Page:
Mary Benson : the problem of defining the "self".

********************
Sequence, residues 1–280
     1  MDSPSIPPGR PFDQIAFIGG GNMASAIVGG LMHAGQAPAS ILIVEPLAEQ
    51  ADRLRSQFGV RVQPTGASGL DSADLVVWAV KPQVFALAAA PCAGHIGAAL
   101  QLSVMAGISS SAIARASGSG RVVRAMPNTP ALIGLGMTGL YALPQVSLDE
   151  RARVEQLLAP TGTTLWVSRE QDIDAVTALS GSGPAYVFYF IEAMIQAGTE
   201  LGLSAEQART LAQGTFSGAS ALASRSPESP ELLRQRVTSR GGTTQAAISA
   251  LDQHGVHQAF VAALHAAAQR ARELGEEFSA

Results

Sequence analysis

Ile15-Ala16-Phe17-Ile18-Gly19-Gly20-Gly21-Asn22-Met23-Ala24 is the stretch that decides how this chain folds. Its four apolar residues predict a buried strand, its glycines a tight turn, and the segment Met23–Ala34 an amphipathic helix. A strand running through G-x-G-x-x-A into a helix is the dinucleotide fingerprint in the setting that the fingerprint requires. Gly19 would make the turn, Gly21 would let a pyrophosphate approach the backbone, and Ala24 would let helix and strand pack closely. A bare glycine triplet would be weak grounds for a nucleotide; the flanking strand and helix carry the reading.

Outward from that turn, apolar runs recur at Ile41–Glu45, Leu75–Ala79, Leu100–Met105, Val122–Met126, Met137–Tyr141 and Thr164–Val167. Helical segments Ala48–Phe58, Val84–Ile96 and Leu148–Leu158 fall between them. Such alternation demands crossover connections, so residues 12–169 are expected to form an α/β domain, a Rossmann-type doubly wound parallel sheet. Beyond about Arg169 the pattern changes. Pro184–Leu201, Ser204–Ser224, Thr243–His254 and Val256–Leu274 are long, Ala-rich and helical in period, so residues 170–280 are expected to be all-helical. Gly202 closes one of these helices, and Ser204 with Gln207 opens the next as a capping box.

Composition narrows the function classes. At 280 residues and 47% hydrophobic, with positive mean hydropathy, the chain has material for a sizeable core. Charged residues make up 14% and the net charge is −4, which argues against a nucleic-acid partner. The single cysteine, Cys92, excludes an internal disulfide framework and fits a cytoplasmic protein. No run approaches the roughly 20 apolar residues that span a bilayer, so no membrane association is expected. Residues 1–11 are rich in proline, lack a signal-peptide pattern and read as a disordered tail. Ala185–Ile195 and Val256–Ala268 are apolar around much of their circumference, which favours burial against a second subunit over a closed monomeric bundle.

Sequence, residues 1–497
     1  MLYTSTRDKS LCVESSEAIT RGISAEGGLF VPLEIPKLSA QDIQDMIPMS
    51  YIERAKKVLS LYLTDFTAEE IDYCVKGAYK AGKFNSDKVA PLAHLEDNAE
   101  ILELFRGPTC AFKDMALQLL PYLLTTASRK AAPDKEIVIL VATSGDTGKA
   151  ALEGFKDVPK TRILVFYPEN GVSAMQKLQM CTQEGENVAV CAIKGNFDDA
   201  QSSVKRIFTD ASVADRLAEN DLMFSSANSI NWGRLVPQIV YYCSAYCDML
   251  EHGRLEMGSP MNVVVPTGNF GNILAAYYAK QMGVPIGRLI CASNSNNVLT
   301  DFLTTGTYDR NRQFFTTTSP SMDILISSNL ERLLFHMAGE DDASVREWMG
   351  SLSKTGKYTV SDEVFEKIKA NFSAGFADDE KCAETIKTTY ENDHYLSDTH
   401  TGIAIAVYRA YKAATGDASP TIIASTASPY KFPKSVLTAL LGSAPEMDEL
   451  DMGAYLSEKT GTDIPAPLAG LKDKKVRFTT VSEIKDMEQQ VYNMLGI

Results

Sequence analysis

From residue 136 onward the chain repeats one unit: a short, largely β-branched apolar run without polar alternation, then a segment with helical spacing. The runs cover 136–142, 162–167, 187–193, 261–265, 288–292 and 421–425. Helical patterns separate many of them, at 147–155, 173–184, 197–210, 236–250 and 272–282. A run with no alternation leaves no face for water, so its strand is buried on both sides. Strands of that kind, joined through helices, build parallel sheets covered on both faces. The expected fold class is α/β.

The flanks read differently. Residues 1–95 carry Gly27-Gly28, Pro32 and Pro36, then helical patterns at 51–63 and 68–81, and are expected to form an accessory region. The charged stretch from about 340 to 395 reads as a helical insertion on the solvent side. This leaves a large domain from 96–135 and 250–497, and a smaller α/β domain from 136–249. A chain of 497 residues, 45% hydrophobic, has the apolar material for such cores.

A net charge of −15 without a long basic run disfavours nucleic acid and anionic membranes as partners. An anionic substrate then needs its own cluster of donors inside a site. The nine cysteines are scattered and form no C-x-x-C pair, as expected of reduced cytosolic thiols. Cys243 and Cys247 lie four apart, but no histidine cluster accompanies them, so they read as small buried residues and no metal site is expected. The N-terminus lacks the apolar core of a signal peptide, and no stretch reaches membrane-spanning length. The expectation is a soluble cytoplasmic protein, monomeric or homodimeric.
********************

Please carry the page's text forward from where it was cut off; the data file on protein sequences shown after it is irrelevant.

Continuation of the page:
This study investigates the problem of defining Mary Benson as a person and a writer. Her writing spans a range of generic classifications - biography, history, plays, a novel and an autobiography. Yet, all are centred on her preoccupation with the struggle for freedom in South Africa. All reveal, moreover, a great deal about Benson's own values and commitment, prompting us to question the validity, in her case, of such strict generic categories as useful defining properties in her literary career. Starting with her most recent publication, the autobiography A Far Cry. I shall look at the way she presents herself in a traditionally introspective genre. It soon becomes apparent that Benson views herself within a perspective of South African social reality, and that her sense of self is inextricably linked to her political involvement. Her personal needs and desires, to a large extent, remain unobtrusive as she foregrounds her public interactions and her concern with humanitarian and racial issues. A study of Benson, therefore, needs to address a selection of her work in an attempt to fully appreciate her sense of her own identity. In consequence, I go on to discuss her biography Nelson Mandela and her novel At the Still Point. .Both works confirm the portrait in A Far Cry of Benson as a responsible South African who has selflessly and consistently devoted herself to her role as a witness of racial oppression in South Africa. In her biography, Nelson Mandela, for example, the ANC leader emerges as an exemplary figure in the public world while his values and ideals are allowed to parallel Benson's own 'autobiographical' ideals. In At the Still Point, Anne Dawson, Benson's fictional protagonist, I shall argue, gives her author the opportunity to express her own feelings about private life in relation to sociopolitical action. These 'personal ' feelings seem to be avoided in the more direct opportunities of the autobiographical form. In exploring Benson's sense of self, therefore, this study suggests that for Benson 'commitment' overrides her sense of herself as a literary figure, and that this has consequences for the weight we give to content and form in the reading of her work. My conclusion is that we are looking not so much at the challenges of genre as at a large autobiographical project, in which the 'self is defined substantially in its meetings with other people in political circumstances